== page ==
The intervention itself was brilliant, timely and right on target. It provided a ‘why’ around which people could mobilize, a ‘what’ and finally a ‘how’. In short, his leadership inspired action. Now what I find fascinating is that Richard himself wasn't a part of the organizing committee (at least in a formal sense). He was present, but on the periphery. It would seem to me that the person who issues the direction (leadership inspiring action) doesn't need to be physically present if the direction is compelling enough to inspire the "how" discussion.

How to build a collaborative culture

The organizing committee also had to engage in a discussion of how the group itself would work, assign tasks, report back etc. This was incredibly challenging. However agreement on why we were initiating the work provided some common ground upon which to build out the details of how we would go about doing it. But even here we needed direction. We were friends, colleagues, and professional public servants, yet we were also reticent to step up and be directive (at least in my view).

We eventually settled on a model for decided quorum, assigning leads, and delegating the authority to those leads to make any decision they faced along their critical path. For example, at one point I was in charge of booking the venue and was delegated the authority to enter into agreement with a provider should the space have met our needs. Trust then seems to be a critical element and is only possible when there is agreement as to why a particular thing is undertaken. The “why”, it would seem provides a common ground upon which how and subsequently what can be built.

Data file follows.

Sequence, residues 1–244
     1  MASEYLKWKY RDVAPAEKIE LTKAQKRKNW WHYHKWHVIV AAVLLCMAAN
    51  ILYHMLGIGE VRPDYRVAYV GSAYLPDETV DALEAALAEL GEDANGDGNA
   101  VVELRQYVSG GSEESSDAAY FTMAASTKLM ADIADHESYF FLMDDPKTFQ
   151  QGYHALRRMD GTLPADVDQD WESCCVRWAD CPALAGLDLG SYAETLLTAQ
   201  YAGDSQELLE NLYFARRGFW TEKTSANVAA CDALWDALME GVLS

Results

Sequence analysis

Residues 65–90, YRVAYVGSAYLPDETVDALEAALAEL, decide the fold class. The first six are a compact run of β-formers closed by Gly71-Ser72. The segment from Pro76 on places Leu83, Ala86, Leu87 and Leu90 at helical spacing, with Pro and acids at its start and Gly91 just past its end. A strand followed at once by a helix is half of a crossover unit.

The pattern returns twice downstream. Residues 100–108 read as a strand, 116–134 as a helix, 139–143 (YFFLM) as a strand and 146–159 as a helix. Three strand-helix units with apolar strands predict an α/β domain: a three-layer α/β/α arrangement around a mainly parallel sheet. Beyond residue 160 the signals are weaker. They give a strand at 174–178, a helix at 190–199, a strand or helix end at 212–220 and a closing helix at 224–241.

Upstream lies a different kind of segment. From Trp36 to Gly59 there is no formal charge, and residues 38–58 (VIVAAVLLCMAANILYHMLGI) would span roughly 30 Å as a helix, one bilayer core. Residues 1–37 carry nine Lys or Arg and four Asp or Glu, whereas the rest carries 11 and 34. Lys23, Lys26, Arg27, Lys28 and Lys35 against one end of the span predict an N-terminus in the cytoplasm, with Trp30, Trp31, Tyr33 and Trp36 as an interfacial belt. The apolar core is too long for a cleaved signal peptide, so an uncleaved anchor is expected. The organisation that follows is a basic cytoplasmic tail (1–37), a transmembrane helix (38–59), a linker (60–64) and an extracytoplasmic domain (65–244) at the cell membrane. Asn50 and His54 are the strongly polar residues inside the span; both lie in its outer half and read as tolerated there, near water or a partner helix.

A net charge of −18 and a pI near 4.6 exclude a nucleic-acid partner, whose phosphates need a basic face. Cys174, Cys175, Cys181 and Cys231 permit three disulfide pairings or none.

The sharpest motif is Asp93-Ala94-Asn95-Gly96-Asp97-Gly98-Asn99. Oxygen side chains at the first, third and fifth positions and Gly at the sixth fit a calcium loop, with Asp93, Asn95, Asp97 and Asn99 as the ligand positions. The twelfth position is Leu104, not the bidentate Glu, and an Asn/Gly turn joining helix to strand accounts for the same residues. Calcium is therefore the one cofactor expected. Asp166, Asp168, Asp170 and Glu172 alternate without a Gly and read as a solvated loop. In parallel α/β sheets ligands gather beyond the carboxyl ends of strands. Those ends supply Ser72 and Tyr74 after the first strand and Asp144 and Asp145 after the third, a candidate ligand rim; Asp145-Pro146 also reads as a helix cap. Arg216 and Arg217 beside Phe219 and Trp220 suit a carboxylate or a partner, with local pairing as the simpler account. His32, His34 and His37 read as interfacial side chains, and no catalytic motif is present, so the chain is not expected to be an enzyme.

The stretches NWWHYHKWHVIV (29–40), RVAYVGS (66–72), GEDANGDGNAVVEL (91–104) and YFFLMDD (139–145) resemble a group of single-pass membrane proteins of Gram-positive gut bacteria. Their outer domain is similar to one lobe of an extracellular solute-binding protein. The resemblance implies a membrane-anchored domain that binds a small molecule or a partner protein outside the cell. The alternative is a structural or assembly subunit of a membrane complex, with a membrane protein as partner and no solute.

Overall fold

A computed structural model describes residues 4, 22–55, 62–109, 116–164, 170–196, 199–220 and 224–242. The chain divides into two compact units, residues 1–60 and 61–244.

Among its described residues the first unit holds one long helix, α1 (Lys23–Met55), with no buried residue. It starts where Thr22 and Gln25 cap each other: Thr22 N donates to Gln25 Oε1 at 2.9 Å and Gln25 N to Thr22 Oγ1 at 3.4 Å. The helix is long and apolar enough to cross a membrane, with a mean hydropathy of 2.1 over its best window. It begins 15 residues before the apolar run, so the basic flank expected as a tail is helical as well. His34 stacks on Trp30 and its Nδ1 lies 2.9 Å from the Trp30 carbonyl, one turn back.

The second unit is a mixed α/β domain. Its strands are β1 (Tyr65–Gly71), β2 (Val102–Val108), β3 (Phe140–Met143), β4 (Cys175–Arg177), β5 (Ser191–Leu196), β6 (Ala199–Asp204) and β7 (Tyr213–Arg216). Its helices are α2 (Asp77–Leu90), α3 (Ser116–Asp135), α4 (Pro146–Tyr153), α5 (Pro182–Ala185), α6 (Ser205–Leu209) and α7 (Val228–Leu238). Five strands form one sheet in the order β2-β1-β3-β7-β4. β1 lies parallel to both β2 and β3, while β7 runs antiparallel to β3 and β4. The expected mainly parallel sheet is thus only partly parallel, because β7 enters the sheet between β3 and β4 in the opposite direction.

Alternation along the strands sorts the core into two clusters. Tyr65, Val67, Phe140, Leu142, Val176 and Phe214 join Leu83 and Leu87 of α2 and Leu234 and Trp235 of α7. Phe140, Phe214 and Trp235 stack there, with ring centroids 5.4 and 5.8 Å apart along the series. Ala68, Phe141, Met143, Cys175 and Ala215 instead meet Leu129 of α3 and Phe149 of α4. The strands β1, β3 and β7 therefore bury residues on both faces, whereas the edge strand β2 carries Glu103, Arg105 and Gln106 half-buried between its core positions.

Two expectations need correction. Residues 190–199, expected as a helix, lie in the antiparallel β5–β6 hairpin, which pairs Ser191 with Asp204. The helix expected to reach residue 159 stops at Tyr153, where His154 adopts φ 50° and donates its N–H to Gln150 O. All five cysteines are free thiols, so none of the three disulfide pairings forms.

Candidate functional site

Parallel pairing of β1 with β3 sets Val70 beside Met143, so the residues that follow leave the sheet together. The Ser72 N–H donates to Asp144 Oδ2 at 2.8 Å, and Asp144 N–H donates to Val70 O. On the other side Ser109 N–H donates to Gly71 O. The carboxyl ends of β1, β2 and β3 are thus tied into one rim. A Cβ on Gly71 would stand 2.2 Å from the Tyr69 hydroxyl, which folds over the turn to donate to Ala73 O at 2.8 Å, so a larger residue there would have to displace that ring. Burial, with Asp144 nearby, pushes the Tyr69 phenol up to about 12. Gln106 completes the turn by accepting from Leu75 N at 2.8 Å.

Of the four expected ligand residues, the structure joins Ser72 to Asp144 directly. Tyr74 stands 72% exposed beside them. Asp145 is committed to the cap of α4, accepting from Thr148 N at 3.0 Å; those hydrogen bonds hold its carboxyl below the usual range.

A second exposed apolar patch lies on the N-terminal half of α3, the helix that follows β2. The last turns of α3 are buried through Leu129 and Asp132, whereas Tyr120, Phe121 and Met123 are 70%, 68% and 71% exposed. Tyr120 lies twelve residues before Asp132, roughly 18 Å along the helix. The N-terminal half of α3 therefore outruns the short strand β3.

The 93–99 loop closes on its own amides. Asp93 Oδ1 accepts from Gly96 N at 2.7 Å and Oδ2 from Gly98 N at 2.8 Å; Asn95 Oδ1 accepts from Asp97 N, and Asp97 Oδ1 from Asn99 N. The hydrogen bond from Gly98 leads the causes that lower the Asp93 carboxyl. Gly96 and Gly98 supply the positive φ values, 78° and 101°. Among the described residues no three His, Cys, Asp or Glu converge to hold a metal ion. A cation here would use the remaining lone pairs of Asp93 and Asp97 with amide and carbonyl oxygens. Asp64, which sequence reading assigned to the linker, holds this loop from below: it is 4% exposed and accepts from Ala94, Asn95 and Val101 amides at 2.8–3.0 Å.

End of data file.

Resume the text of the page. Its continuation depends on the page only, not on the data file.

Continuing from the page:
What to do? Host a Collaborative Culture Camp

Having ironed out the “how” the group could finally focus in on the what. We settled on a dual track unconference model that allowed multiple ways for people to participate. You could lead a session, you could take in a fireside chat, if you weren’t interested in a given topic you could move into another session that was more to your liking.

In some cases, organizing and operationalizing the “what” was detailed and tedious. For example someone had to step up and handle the registration emails, the responses, the wait list, etc. The only explanation as to why someone would take on this work is that they believed in the why and in turn accepted the responsibilities. If we had simply asked someone to take care of that for us I doubt they would have been as committed as Tariq was.

Looking back before looking forward

The goal of the conference was to help teach people about the value of collaboration. Looking back, I think the organizing committee not only taught others the value of collaboration, but also learned a great deal about it during the process, and demonstrated that learning the day the conference took place. That being said, my reflections on what happened that day will have to wait until next week. Thanks for reading, and congratulations to everyone who raised a hand and got involved with the conference.

Kudos on a job well done.